The samples are accompanied by switching transients from the C-register clocking, which are suppressed by a low-pass filter 22. To avoid smearing of one color sample into another, this filter has a roll-off frequency close to sample rate, or sampling carrier frequency (6 MHz for the design using Big Sid). This suppresses transients, but affects the phasing of the color samples only slightly, so they may be re-sampled in altered phasing in accordance with the invention. This filtering practice departs from that used in connection with monochromatic CCD imagers, in which the low-pass filter cut-off frequency is well below sampling carrier frequency. The low-pass filter is followed by a buffer amplifier 23, which generally provides voltage gain so the signal as supplied to synchronous detectors 24, 25, and 26 is of sufficient amplitude that noise in the switch elements of the detectors does not contribute appreciably to noise in the detector outputs.
Pulses of the clock frequency associated with the φC1 and φC2 phases of C-register clocking are derived from an output of clock generator 21 for circuitry 27 which generates the synchronous switching pulses to control the switches in synchronous detectors 24, 25 and 26. The pulses of clock frequency are divided into groups of three in circuitry 27. The first pulses of the groups are applied to an input of a de-multiplexer, or synchronous detector, 24 to close a switch and charge a capacitor therein. The second pulses of the groups are applied to an input of a de-multiplexer, or synchronous detector, 25 to close a switch and charge a capacitor therein. And the third pulses of the groups are applied to an input of a de-multiplexer, or synchronous detector, 26 to close a switch and charge a capacitor therein. Accordingly, voltages responsive to successive samples of the red, green, and blue portions of the image appear at the outputs of synchronous detectors 24, 25 and 26, respectively.
These voltages are applied to the inputs of low-pass filters 28, 29, and 30 which have a cut-off frequency below switching carrier frequency in synchronous detectors 24, 25, 26--2 MHz in the design example using Big Sid--by an amount sufficient to adequately suppress aliasing in the synchronous detector 24, 25, 26 R, G, B outputs. Their outputs are shown connected in turn to the inputs of buffer amplifiers 31, 32, and 33.
A system of mixed highs is used to raise the effective image-sampling rate for luminance while suppressing tendencies toward chroma beats. The outputs of buffer amplifiers 31, 32, and 33 are applied to the inputs of low-pass filters 34, 35, and 36, respectively, which separate the lower frequencies portions of these R, G, and B signals for application to the non-inverting inputs of differential-input amplifiers 37, 38, and 39 respectively. The inverting inputs of these differential-input amplifiers are supplied inverted mixed-highs, so R, G, and B signals with mixed highs are supplied from their outputs to the inputs of colorplexer 40 to be combined into a composite color signal. This composite color signal is suitable for modulating a broadcast r-f carrier. The inverted mixed highs are shown as being obtained by adding the output signals from buffer amplifiers 31, 32, and 33 in an additive matrix 41 and filtering the result in a high-pass filter. This high-pass filter is synthesized from a low-pass filter 42 identical to low-pass filters 34, 35, and 36; a delay line 43 providing a matching group delay, and a differential-input amplifier 44 for differentially combining the output response of filter 42 and delay line 43 to signal supplied to their parallelled inputs from the output of additive matrix 41.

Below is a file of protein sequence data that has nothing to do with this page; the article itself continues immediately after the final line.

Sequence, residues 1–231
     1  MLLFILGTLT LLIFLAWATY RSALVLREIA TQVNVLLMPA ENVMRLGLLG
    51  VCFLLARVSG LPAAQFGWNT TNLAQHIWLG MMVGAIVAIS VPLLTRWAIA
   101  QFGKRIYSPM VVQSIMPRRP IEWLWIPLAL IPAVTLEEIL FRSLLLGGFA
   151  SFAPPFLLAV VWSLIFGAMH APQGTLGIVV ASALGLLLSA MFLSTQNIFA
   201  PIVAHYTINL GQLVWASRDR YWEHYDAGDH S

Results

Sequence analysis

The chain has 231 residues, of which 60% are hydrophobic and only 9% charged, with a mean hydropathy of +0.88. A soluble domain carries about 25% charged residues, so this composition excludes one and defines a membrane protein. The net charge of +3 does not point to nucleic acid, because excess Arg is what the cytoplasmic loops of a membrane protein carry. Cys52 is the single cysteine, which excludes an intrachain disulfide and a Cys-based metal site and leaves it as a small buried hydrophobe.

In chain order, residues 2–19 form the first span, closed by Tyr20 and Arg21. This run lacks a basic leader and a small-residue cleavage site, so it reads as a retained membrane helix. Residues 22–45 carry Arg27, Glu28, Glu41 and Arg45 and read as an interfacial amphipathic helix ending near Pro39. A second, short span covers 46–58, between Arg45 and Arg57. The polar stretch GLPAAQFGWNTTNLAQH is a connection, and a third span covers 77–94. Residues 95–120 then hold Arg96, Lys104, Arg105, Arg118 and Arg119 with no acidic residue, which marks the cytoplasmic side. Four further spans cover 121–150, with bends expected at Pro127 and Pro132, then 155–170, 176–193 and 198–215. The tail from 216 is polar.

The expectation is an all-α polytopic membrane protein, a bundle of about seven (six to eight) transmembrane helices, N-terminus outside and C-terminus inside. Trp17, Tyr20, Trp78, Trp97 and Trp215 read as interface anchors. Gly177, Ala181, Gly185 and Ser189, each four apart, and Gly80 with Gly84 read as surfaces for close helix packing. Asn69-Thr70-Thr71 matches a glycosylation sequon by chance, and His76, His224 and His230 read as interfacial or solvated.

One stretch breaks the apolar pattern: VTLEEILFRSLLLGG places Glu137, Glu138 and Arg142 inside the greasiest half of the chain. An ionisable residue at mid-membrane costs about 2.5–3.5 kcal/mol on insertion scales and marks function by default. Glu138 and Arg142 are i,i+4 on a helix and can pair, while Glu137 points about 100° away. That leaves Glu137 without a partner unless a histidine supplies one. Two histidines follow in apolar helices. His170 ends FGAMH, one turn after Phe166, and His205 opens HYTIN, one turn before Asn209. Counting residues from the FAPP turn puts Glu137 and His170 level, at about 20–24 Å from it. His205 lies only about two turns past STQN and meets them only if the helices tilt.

Of particular interest in connection with the invention is the fact that there is control of the relative phasing of the sampling rate for samples clocked out of the C-register of color CCD imager 20, on one hand, and, on the other hand, of the submultiple switching carrier frequency applied in the three respective phases to synchronous detectors 24, 25, and 26. Since the output samples from color CCD imager 20 are analog insofar as level is concerned, it is easier to effect the adjustment of this relative phasing by electrically adjusting the phasing of the C-register clock frequency pulses from clock generator 21, which are binary insofar as level is concerned, prior to their application to circuitry 27. Phase adjustment is done prior to circuitry 27 so only one signal need be phase-shifted, rather than three separate submultiple switching carriers from the output of circuitry 27 needing to be phase-shifted. However, the alternative arrangement may be used for realizing other embodiments of the invention.